[1] “Background Note: Timor-Leste,” Bureau of East Asian and Pacific Affairs, 12 February 2010. http://www.state.gov/r/pa/ei/bgn/35878.htm

[2] “2018 Report on International Religious Freedom: Timor-Leste.” U.S. Department of State. 21 June 2019. International Religious Freedom Report 2009, 26 October 2009. https://www.state.gov/reports/2018-report-on-international-religious-freedom/timor-leste/

[3] “2018 Report on International Religious Freedom: Timor-Leste.” U.S. Department of State. 21 June 2019. International Religious Freedom Report 2009, 26 October 2009. https://www.state.gov/reports/2018-report-on-international-religious-freedom/timor-leste/

[4] Avant, Gerry. “Elder Holland delivers messages of hope, faith, reassurance to Asia Area.” LDS Church News.  September 2015. https://www.thechurchnews.com/archive/2015-09-03/elder-holland-delivers-messages-of-hope-faith-reassurance-to-asia-area-43102

[5] “Where We Work.” Latter-day Saint Charities. Accessed August 1 2019. https://www.latterdaysaintcharities.org/where-we-work

[6] “Indonesian minister thanks Church for aid,” LDS Church News, 6 May 2000. http://www.ldschurchnews.com/articles/37733/Indonesian-minister-thanks-Church-for-aid.html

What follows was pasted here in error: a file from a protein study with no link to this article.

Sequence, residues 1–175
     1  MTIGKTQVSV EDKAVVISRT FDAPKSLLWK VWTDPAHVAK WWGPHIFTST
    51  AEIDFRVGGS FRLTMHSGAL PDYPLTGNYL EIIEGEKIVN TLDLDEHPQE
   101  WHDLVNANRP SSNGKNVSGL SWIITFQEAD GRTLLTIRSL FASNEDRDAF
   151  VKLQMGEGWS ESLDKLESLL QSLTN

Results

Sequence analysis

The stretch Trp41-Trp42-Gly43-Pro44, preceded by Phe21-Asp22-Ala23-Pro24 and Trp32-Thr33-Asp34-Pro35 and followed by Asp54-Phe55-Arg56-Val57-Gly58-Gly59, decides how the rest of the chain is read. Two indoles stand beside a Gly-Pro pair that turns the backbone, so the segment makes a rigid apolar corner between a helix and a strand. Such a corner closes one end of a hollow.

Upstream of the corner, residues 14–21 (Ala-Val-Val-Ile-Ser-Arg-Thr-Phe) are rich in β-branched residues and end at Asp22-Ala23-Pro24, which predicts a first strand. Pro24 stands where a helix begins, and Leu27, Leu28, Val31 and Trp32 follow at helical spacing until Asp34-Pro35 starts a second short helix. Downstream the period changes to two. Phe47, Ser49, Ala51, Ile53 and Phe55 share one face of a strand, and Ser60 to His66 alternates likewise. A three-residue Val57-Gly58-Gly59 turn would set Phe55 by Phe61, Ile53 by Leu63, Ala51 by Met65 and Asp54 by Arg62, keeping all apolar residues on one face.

[7] Sheffield, Sheridan. “Delivering hope with humanitarian aid,” LDS Church News, 21 October 2000. http://www.ldschurchnews.com/articles/38759/Delivering-hope-with-humanitarian-aid.html

[8] “Relief Society gives humanitarian aid,” LDS Church News, 22 July 2000. http://www.ldschurchnews.com/articles/38157/Relief-Society-gives-humanitarian-aid.html

[9] “Christmas aid to help East Timor regrow,” LDS Church News, 30 December 2000. http://www.ldschurchnews.com/articles/39120/Christmas-aid-to-help-East-Timor-regrow.html

[10] “Church supports boats for Timor,” LDS Church News, 26 October 2002. http://www.ldschurchnews.com/articles/42706/Church-supports-boats-for-Timor.html